North Carolina has received positive response to the Request for Proposals (RFP) floated in July seeking participation from renewable energy companies.
Duke Energy’s 680 MW solar capacity expansion for the Carolinas includes 600 MW in Duke Energy Carolinas (DEC) and 80 MW in Duke Energy Progress (DEP).
The Competitive Procurement for Renewable Energy (CPRE), part of the Competitive Energy Solutions Law, confirms that the bids received totaled more than 4 times the target amount for DEC and 15 times the amount for DEP.
The solar expansion project received bids for 78 projects – representing more than 3,900 MW of renewable energy. North Carolina received bids for about 2,000 MW, while South Carolina received bids representing 1,900 MW.
“We are confident that the program goals will be met for the Carolinas,” said Independent Administrator, Harry Judd of the Accion Group, who will evaluate projects.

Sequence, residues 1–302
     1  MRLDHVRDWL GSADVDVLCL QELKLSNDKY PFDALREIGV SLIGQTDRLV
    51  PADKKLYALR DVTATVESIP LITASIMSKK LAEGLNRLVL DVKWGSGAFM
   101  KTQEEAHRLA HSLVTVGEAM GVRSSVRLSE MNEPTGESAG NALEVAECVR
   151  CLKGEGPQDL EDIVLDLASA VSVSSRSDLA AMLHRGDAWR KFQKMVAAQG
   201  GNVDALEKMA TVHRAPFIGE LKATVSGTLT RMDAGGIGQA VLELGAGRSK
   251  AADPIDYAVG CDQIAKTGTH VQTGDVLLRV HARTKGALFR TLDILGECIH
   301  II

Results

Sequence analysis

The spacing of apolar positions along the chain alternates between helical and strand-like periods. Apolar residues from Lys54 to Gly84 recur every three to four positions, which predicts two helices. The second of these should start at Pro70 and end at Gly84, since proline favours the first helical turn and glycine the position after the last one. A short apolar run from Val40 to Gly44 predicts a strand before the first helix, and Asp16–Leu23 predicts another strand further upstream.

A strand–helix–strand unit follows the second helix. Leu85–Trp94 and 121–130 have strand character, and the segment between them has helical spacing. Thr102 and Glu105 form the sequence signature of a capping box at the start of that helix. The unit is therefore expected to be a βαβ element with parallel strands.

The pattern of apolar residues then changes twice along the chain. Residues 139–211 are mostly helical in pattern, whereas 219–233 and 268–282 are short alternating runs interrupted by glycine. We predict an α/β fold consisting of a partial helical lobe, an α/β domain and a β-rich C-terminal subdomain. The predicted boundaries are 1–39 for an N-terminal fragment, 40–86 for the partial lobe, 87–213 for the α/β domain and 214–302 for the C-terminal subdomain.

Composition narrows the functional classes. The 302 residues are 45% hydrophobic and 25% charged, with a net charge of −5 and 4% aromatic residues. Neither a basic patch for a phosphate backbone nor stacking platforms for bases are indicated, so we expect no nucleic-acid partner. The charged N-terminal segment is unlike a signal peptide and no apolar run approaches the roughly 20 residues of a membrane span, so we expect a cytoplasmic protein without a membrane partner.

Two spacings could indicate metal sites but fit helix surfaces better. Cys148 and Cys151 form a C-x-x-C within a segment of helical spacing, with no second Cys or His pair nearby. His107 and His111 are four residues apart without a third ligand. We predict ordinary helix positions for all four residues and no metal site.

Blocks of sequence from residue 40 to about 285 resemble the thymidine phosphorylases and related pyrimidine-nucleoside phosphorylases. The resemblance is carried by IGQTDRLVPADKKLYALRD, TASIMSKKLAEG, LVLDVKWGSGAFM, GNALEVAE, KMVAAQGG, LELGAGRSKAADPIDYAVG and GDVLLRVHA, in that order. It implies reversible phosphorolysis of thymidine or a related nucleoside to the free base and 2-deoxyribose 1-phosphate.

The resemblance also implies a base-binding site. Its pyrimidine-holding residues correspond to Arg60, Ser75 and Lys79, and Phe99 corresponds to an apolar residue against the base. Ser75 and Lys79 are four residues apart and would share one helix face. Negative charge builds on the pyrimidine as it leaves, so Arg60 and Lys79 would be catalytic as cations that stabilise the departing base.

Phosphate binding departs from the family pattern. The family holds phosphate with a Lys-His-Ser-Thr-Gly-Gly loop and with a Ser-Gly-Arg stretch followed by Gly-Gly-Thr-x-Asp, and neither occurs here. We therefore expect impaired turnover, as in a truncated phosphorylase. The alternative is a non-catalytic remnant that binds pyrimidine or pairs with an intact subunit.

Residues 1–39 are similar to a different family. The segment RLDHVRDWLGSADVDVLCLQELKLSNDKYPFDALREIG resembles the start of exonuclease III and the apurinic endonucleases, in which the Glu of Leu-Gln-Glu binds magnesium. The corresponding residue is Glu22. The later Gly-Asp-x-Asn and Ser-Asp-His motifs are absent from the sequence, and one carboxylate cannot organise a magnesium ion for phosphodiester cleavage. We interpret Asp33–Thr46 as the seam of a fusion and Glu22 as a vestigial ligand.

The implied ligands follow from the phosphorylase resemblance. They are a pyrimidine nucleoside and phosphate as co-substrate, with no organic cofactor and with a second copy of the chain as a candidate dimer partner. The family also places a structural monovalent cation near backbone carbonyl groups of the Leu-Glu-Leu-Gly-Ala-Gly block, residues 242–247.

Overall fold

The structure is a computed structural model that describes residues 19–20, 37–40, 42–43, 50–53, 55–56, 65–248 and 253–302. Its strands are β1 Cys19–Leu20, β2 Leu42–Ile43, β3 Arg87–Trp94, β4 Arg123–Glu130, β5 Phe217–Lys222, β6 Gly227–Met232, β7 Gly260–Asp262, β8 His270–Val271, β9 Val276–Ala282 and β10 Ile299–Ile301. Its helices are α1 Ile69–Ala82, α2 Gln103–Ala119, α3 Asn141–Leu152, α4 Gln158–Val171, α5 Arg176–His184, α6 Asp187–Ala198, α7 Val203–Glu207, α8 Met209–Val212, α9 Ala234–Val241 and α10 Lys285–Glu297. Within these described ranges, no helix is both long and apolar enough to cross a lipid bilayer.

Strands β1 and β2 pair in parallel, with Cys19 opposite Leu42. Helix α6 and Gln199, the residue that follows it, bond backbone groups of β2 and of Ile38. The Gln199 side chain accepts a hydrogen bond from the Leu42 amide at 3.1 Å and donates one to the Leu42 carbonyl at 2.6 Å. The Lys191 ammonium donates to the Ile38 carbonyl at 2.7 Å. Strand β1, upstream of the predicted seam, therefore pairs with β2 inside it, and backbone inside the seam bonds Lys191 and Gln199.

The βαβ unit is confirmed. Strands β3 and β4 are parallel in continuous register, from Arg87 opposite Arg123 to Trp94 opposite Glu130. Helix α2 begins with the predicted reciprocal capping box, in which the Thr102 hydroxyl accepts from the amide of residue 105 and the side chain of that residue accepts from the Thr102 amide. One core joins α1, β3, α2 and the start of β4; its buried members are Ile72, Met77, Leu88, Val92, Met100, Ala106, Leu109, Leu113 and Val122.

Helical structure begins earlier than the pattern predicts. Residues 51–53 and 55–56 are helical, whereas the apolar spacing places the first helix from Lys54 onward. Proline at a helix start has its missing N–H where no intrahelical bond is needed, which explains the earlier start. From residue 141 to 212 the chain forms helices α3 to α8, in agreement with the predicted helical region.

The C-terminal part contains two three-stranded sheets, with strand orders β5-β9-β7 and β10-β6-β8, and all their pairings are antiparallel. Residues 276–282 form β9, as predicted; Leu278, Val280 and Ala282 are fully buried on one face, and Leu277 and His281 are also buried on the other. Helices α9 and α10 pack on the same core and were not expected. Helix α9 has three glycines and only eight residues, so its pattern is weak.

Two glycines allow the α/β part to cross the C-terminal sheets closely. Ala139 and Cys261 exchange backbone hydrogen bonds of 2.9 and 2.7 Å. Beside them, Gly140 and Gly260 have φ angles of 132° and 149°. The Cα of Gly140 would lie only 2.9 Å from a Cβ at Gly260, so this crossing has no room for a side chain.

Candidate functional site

Accion, the Independent Administrator, will evaluate the proposals based on the criteria approved by the North Carolina Utilities Commission to determine which projects provide the most economic benefit to Duke Energy customers.
Winning proposals will be selected in the spring and the companies will move forward with executing power purchase, interconnection and other necessary agreements with the selected projects.
Bidding conditions for Duke Energy businesses say they can win projects if they are among the most cost-effective judged by the Independent Administrator. This apart, companies with Duke Energy ownership stake cannot win more than 30 percent of the total RFP.
CPRE is one of several programs Duke Energy is implementing as part of the new renewable energy law. Under the law, all bids must be priced below the utility’s avoided cost so the program will benefit customers by bringing lower-cost solar energy to the Carolinas versus traditional PIRPA rates.
“The number and diversity of bids submitted represent an important and positive step for a clean energy future in the Carolinas, where customers will benefit,” said Rob Caldwell, president, Duke Energy Renewables and Distributed Energy Technology.